Hyperactivity and attention deficit

Attention Deficit Hyperactivity Disorder (ADHD)

Attention Deficit Hyperactivity Disorder (ADHD)


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Hyperactivity (continuous movement and greater than expected for the child's age), inattention and impulsivity are the main characteristics of the Attention deficit disorder and hyperactivity (ADHD). It is one of the most frequent causes of school failure and social problems in childhood. It is a chronic pathology, with a high genetic component (in 75 percent of cases, the cause is genetic), but it can be diagnosed and treated.

This conduct disorder, of neurobiological origin, is the most common during childhood. It is estimated that 5 percent of the child and youth population, between 3 and 16 years old, suffer it, being about three times more frequent in men. It is a disorder that occurs due to an alteration of the central nervous system.

Children with ADHD exhibit inappropriate behavior for their age. It costs them and makes it difficult:

  • Control their behavior.
  • Control your emotions and thoughts.
  • To concentrate.
  • They have great difficulty paying attention.

However, not all children experience all symptoms at the same time. Although the most common is the combined type, there are children who have only one of the two disorders. The hereditary factor influences their development, with 44 percent of children who have had hyperactive fathers or mothers suffer the problem.

Many parents and teachers find it difficult to identify if the child is a carrier of ADHD or if what is lacking are limits, since children in these states often have similar symptoms. In the case of ADHD, the child has symptoms such as:

  • Restlessness. Move feet, hands, and body without a clear goal. He gets up, jumps and runs when he has to be seated.
  • Low self-esteem. His behavior is inappropriate and he receives frequent punishments. Among his peers he is not an easy playmate and he becomes unpopular. They move away from the hyperactive child and cause low self-esteem.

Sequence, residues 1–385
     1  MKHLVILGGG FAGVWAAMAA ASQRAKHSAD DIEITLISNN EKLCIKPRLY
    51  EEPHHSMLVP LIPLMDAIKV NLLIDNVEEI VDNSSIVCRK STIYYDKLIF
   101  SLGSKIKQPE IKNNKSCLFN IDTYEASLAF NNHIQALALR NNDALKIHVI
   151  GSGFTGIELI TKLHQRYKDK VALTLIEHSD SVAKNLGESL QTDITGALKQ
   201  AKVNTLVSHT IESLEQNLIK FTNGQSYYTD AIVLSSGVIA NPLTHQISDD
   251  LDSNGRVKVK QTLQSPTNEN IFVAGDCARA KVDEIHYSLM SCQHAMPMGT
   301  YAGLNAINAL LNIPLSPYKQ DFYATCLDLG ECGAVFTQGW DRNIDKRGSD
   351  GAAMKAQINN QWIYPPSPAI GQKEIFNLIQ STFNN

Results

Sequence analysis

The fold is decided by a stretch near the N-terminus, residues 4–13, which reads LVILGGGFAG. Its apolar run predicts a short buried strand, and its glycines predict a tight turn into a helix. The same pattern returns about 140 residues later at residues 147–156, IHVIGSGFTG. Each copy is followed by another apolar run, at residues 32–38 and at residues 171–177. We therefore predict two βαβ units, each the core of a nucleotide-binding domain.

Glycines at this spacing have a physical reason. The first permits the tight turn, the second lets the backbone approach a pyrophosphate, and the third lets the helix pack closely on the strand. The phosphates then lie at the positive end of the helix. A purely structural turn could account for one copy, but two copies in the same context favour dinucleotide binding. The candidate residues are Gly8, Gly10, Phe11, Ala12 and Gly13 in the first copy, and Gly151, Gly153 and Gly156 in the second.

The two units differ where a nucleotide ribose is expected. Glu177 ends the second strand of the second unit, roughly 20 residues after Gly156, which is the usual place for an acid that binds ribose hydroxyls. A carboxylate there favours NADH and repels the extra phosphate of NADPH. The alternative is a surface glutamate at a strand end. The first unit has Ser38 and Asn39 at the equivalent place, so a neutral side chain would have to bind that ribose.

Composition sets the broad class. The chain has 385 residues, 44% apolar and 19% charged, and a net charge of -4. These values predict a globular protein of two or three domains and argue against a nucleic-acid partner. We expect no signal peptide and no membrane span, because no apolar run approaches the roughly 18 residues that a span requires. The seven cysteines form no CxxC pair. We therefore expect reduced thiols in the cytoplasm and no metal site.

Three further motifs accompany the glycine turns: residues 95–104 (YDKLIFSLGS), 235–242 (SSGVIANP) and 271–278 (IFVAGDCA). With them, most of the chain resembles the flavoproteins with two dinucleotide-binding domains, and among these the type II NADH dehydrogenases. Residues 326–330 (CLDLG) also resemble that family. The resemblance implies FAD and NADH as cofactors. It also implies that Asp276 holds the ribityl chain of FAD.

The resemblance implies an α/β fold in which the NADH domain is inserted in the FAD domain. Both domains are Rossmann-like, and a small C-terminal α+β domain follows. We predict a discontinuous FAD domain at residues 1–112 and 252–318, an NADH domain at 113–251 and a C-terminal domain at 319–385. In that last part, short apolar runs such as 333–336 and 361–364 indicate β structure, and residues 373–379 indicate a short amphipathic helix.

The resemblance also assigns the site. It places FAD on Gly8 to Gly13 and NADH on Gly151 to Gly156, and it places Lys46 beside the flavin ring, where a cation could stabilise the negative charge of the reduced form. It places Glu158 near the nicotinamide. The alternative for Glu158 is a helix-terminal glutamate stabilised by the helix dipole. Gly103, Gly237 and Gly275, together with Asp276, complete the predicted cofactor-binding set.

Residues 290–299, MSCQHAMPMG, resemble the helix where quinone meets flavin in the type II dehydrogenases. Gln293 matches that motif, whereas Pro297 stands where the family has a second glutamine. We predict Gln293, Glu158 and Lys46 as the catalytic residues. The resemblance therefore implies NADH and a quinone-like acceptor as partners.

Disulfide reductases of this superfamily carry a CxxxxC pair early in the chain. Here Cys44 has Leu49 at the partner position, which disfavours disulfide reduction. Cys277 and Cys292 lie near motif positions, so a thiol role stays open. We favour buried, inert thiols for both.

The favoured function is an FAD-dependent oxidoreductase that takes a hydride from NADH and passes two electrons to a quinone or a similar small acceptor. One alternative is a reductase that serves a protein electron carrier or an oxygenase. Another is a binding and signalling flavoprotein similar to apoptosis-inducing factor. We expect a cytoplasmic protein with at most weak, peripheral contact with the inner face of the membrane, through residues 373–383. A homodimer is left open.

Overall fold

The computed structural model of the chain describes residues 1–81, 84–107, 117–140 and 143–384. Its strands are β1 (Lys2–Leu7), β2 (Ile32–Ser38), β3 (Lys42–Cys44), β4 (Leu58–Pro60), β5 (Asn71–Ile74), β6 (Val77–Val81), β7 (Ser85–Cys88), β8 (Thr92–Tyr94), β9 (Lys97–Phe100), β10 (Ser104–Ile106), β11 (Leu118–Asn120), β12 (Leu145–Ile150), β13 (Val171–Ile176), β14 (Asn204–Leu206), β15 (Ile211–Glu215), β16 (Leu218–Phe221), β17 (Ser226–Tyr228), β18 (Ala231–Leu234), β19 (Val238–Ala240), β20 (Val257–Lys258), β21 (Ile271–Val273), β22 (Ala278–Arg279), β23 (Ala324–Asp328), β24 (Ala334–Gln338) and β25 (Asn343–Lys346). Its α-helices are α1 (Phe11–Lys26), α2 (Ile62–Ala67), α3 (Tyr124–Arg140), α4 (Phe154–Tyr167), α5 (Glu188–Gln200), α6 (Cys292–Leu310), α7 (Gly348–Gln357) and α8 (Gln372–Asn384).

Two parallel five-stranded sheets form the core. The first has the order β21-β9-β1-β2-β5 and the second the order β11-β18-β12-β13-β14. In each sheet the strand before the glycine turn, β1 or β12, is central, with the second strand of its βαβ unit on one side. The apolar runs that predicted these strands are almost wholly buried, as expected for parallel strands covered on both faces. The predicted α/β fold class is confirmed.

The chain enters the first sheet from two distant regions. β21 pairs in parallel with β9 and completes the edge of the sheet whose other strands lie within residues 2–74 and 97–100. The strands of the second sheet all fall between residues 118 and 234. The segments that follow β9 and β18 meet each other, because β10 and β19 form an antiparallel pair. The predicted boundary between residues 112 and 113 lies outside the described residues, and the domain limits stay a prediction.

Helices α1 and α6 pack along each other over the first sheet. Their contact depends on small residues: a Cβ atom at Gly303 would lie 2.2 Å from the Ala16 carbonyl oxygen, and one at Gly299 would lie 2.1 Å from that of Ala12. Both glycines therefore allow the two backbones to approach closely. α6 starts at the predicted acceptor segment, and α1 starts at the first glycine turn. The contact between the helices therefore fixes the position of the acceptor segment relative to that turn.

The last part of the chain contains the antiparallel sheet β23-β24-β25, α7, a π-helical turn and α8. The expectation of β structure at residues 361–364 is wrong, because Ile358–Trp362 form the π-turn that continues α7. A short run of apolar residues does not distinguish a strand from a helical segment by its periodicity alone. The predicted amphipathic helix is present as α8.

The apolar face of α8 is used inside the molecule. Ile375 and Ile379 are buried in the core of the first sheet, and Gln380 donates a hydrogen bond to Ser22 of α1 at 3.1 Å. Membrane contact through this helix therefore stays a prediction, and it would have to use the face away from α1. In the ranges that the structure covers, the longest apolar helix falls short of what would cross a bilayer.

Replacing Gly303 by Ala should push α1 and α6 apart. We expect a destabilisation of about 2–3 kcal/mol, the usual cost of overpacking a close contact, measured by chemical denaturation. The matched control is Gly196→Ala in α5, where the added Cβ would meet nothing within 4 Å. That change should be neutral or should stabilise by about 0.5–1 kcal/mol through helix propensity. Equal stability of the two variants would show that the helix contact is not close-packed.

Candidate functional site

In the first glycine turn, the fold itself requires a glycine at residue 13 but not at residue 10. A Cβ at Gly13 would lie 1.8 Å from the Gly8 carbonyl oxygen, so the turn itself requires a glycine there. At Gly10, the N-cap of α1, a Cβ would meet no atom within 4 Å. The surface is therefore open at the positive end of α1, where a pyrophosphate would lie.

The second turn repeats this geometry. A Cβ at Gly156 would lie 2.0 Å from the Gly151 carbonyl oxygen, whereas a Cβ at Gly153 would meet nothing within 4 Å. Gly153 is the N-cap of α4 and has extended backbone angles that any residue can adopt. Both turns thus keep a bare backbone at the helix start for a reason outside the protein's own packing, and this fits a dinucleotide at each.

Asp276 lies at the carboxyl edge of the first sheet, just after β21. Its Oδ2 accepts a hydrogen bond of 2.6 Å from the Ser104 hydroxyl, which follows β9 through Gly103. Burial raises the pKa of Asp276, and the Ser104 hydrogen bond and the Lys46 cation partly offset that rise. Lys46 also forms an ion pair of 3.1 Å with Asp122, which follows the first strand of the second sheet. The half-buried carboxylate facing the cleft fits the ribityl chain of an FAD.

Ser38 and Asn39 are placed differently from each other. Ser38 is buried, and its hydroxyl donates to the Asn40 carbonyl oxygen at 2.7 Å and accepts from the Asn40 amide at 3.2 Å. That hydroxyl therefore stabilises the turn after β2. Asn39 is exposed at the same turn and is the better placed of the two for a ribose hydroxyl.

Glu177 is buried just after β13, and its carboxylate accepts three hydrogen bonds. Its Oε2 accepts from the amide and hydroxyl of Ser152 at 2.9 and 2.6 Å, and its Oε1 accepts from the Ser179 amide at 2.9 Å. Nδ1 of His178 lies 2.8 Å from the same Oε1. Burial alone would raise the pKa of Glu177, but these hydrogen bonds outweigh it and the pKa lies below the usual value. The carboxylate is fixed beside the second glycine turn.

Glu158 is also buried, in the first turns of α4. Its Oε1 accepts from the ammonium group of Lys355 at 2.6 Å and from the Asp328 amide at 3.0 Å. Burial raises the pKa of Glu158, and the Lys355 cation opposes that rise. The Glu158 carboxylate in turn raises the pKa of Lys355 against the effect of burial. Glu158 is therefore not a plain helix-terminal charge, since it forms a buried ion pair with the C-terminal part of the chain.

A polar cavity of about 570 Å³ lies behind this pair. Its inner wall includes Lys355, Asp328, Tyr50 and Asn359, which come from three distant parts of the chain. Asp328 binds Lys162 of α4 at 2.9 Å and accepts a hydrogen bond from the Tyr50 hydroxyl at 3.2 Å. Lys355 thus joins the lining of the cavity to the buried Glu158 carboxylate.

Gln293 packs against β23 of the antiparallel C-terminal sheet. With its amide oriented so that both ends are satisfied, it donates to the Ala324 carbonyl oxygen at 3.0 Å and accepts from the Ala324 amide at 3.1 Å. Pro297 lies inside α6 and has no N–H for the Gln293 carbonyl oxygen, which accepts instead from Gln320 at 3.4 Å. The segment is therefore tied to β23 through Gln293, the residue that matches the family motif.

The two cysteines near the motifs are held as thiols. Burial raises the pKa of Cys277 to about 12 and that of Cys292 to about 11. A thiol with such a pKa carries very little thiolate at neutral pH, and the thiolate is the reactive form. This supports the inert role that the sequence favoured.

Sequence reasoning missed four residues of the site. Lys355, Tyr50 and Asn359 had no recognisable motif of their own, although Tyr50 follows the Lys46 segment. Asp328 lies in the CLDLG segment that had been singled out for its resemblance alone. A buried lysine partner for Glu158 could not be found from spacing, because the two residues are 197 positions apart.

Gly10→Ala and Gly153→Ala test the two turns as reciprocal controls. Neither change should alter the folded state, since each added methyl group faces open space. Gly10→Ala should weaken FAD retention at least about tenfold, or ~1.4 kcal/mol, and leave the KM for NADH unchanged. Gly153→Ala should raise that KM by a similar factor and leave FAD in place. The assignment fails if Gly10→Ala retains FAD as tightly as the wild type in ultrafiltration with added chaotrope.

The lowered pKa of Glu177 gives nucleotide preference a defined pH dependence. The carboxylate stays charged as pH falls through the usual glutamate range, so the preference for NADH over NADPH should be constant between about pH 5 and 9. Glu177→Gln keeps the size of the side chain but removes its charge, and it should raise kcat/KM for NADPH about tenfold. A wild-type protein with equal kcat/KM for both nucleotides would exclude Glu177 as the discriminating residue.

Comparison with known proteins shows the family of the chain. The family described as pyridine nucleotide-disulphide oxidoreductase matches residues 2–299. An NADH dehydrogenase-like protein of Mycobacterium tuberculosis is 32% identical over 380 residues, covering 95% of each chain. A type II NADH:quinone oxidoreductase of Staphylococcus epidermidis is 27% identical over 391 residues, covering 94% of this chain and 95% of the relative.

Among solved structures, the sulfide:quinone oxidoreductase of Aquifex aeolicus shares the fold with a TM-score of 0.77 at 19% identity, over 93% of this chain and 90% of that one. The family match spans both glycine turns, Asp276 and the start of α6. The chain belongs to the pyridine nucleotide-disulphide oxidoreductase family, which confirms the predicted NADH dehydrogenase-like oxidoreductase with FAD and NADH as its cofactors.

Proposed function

• Excessive and uncontrollable boredom and excitement. He cannot play in a calm way. Does not respect the turn of others. He is often excited and bored.
  • Accentuated degree of impulsivity. Act before you think. Answer before the question is finished.
  • Lack of concentration. He does not attend to the details, nor to the organization, nor to the instructions.
  • Lack of persistence. In addition to not finishing tasks, avoid those that require continued effort.
  • Difficulty organizing and keep the focus.
  • Distraction very easily. You forget what you have to do.
  • Fictitious deafness. Sometimes they don't seem to listen. It is a consequence of your inattention.

ADHD is a little known pathology, difficult to detect and easy to confuse. The neurological complication is unleashed in ages between 3 and 4 years, reaching the most critical state at 6 years of age.

Specialists point out that children with hyperactivity not treated on time will have problems in adolescence, will suffer problems to relate and even suffer school failure. However, continued treatment, as the child grows, will allow the disorder to improve and even to be controlled.

The great difficulty that children present in attending, selecting, maintaining, and controlling their attention to the stimuli that are presented to them, as well as the excessive agitation they present, justify the need for help and professional treatment and monitoring.

A specialist will help the child to acquire habits and cognitive strategies so that their social, family and school development is at the level of their abilities. The treatment aims to:

- Improve or cancel the symptoms of the disorder

- Reduce or eliminate associated symptoms

- Improve learning, language, writing, social and family relationships.

For this, the specialist will use, as appropriate, all the means at his disposal to provide comprehensive information to parents and teachers, drug treatment (essential in 7 out of 10 children), and psycho-pedagogical treatment.

It should not be forgotten that parents play a fundamental role during treatment. Hyperactive children will need a lot of support, understanding, love and, above all, a lot of patience so that little by little they manage to develop their day to day normally.

Sources consulted:
- Hyperactivity disorder.com
- Wikipedia.org
- University Clinic of Navarra

- FamilyDoctor.org

You can read more articles similar to Attention Deficit Hyperactivity Disorder (ADHD), in the category of hyperactivity and attention deficit on site.


Video: ADHD: Understanding Attention Deficit Hyperactivity Disorder (July 2022).


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